Forced Settlements

Learn about what forced settlements are and how to identify them

A forced settlement is a form of offline transaction processing that is capable of bypassing the typical transaction authorization process by allowing merchants to manually enter an authorization code into a credit card machine.

The most common use of this is in POS systems because merchants sometimes need to accept offline transactions and it would not be feasible to block offline transactions entirely. An example of a legitimate forced settlement is as follows:

  • A customer wants to buy some items and takes them to the counter to pay
  • The customer attempts to pay using their credit card, but their card is declined
  • The employee knows this customer is legitimate and have the ability to force a transaction
  • The employee or customer calls the issuing bank and receives an authorization code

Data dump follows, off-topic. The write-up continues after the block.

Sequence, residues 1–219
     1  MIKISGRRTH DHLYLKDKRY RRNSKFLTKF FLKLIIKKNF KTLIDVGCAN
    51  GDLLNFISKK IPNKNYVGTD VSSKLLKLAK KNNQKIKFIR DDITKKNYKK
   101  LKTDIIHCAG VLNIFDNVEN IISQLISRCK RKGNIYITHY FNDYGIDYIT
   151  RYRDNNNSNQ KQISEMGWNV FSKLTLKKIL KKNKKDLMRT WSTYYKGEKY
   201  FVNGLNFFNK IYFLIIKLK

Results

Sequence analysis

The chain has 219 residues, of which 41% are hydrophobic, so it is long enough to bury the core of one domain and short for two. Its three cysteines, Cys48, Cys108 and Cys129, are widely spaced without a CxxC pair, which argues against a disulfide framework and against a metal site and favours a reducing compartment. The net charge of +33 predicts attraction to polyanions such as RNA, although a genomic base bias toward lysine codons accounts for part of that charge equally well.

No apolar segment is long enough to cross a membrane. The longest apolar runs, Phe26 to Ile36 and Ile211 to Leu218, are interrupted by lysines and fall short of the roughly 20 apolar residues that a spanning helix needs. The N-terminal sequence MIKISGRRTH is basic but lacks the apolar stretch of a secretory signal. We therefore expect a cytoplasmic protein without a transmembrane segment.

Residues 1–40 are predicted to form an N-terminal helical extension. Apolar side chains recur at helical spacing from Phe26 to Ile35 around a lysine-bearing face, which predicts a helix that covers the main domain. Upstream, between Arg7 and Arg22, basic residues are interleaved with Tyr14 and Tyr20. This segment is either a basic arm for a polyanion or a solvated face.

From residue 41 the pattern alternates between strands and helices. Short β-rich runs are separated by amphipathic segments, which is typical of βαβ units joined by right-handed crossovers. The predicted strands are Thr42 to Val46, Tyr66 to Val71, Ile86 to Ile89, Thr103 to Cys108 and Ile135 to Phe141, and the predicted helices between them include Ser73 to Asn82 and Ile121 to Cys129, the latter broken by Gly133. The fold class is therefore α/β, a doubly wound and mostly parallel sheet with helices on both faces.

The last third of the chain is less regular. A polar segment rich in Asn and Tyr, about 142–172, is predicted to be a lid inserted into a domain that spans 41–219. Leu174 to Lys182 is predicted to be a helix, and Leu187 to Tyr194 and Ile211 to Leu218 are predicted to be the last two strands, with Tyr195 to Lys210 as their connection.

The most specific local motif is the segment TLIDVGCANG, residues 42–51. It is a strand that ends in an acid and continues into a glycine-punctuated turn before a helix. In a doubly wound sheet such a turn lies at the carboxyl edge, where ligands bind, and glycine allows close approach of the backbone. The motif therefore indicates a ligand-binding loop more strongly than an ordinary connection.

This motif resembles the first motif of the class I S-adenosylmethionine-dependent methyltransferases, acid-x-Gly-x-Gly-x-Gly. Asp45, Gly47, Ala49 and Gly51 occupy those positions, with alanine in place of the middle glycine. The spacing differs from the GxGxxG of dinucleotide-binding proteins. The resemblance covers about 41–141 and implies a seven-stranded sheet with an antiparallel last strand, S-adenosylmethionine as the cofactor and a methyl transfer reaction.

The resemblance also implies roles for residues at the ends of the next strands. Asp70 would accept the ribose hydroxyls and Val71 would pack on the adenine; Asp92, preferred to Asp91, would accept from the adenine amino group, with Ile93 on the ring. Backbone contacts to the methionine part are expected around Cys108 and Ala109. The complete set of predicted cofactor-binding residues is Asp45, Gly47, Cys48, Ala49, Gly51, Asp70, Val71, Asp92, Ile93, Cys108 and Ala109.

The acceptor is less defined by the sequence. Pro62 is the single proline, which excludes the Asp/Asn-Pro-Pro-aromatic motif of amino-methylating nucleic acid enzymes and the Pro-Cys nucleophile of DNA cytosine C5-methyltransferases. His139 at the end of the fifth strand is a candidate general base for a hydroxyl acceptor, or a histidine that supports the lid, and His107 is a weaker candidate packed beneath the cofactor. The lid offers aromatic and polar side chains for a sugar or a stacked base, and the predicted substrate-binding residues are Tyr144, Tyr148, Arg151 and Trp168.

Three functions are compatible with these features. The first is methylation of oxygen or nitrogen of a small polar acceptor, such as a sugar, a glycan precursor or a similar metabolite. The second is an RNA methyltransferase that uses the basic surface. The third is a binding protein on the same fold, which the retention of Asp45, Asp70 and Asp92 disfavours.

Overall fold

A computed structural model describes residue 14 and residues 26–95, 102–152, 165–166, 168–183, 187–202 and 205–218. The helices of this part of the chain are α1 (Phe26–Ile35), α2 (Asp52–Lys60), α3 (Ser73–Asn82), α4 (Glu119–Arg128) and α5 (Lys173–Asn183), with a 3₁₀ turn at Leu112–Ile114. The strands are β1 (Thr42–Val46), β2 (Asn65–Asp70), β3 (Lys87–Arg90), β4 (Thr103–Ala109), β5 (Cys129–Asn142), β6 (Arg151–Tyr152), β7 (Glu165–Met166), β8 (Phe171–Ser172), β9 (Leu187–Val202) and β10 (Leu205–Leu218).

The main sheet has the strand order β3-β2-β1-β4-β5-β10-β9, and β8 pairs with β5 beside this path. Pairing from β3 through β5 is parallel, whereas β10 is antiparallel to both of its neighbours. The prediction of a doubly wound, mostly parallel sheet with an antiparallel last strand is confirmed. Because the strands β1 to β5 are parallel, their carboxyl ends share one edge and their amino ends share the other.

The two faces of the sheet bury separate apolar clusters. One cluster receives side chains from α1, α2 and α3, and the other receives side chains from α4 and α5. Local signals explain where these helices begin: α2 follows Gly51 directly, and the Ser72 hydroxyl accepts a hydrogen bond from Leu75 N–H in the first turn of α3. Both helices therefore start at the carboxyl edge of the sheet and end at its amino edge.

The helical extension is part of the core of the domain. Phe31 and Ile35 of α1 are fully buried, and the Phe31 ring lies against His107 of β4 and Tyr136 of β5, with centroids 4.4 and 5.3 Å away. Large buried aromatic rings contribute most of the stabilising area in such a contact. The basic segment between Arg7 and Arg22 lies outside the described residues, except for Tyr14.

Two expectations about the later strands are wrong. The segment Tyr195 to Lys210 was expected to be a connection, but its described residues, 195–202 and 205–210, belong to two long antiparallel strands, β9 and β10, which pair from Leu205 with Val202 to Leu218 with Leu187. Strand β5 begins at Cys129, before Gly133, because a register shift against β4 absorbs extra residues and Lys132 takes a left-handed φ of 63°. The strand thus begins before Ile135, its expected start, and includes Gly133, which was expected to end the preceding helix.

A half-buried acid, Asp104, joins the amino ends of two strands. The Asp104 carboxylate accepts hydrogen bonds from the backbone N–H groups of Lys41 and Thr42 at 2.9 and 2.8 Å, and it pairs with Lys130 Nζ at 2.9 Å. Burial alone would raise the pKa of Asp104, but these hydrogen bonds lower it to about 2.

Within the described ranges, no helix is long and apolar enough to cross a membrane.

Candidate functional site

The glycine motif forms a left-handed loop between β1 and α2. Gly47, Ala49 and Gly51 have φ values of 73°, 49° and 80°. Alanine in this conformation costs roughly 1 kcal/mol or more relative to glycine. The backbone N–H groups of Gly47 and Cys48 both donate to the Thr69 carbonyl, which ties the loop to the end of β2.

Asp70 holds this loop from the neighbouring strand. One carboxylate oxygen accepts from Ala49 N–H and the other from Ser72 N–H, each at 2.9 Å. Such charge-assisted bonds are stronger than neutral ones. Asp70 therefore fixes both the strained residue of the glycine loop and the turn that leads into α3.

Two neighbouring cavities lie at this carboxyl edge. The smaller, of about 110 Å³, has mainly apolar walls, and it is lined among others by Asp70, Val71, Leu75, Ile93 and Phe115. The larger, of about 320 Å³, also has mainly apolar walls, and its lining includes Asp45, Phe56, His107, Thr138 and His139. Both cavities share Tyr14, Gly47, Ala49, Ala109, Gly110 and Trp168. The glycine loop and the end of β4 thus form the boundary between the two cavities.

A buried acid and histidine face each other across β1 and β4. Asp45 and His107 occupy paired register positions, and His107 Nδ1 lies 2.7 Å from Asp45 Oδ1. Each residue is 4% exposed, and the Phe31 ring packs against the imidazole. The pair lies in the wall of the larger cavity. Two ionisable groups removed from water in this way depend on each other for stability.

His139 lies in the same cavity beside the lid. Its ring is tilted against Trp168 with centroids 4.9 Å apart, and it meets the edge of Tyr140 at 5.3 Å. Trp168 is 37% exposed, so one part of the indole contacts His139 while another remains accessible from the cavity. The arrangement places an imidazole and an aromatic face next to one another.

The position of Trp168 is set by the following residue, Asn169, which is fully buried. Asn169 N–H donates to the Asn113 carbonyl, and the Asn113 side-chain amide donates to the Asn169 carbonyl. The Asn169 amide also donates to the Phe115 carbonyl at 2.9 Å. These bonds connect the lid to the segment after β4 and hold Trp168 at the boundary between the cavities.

• The employee enters the code into the POS machine and marks the sale as "forced"
  • The employee leaves with their items
  • The transaction is settled when the POS system syncs with the payment network.


Forced settlements are not localized to POS systems only, any merchant is capable of performing forced settlements

It is possible for forced settlements to be fraudulent. In these events, the merchant will only know if a forced settlement succeeded when it is eventually processed.

Identifying Forced Settlements

Since forced settlements bypass the typical transaction authorization process employed by Penny (see Transaction Authorization they will not be received by your authorization webhook and will come through regular webhooks as a typical settlement event.

To tell if a settlement is forced, you need to look at the transaction_token field of the transaction event. If the transaction_token is XXXXXX, the transaction is a result of a forced settlement.